Though I’m sure both the homes and the boats of Tiburon cost dearly for their charming setting, it’s easy to forget all of that when the sun is going down and a cool breeze is blowing in the from the San Francisco Bay. That little gray house in the middle with all of the little extra architectural details is my favorite.
The orange hue and misty hills remind me of the poster for Apocalypse Now, but this is just the northern end of San Francisco Bay. In this age of upward-climbing property values and Silicon Valley rags-to-riches stories, I’m continually amazed that there’s room for industry. If these facilities had to be started today, I can’t imagine that they’d wind up in the same position.
Toaster glow sunlight was the result of through marine-layer haze coating San Diego every evening. I couldn’t help but notice the three abnormally large ships in this image: In the distance, two Navy aircraft carriers are the essence of industrial, practical form. Moored in the foreground is a truly massive sailing yacht that is 100% style. Look at how it dwarfs even the ostentatious motorboats beside it. Quite the contrast.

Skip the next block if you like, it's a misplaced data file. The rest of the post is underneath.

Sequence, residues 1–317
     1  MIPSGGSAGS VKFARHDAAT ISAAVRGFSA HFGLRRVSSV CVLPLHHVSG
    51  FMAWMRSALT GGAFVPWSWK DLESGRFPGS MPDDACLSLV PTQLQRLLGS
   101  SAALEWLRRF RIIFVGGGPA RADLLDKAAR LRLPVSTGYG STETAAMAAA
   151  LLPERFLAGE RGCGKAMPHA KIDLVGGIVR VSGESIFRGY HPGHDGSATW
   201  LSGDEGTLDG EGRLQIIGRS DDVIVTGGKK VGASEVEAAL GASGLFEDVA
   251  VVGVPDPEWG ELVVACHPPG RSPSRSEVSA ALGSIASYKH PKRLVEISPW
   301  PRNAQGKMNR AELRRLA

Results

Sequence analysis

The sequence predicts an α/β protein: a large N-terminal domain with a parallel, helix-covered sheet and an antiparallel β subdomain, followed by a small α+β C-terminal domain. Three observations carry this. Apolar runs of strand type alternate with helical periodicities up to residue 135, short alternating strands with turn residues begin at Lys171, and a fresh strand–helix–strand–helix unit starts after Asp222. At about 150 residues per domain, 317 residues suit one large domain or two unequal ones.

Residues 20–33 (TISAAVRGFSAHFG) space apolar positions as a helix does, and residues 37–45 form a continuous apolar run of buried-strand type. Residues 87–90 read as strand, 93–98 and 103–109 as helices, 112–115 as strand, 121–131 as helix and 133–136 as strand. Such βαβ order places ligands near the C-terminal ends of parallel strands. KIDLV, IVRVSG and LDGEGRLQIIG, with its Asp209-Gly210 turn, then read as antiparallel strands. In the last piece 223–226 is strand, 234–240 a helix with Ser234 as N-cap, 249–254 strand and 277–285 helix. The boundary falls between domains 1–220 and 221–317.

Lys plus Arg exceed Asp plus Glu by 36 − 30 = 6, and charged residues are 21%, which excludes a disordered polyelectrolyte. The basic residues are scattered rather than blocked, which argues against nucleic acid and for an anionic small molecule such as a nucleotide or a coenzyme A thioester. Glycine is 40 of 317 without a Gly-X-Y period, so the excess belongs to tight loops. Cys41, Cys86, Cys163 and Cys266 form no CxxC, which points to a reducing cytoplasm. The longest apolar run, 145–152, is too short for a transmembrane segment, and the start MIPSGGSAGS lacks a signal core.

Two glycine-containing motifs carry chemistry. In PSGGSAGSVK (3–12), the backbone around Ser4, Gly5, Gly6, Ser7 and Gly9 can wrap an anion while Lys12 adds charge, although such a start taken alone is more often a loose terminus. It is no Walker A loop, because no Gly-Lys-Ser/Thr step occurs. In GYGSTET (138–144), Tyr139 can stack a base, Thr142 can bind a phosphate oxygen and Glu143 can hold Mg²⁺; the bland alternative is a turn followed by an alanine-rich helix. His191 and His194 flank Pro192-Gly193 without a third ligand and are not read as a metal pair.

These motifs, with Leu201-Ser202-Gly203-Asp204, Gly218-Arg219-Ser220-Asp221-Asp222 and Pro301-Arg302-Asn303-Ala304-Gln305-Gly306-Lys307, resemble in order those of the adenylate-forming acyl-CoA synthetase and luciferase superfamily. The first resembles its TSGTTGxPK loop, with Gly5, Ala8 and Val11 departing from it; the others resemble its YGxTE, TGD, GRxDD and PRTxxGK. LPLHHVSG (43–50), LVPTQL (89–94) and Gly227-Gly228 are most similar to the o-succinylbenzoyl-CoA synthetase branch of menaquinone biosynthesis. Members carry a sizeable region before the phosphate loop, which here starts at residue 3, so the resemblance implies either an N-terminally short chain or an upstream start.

Today’s photo, taken just as the rain started to pick up in the Marin Headlands, is one of my favorites. The alignment of this little bridge to the Golden Gate itself, the harbor, the construction equipment, with Angel Island and the rest of the North Bay off in the distance: it all provides a sense of scale and perspective. The way the warm sodium lamps contrast with the colors of the evening bring your eye to the bridge and its gorgeous structural steel. Rigid geometries contrast with the fuzzy plants of the hillside. This is a picture I want to crawl inside.
Continuing the Marin Headlands bombardment, today’s photograph shows the northern approach to the Golden Gate Bridge with Angel Island in the background. This was also my first attempt at post-processing to simulate the use of a tilt-shift lens, which produces the illusion of a miniature reality. I think it works quite nicely here to give the bridge a feeling of being part of a model railroad set.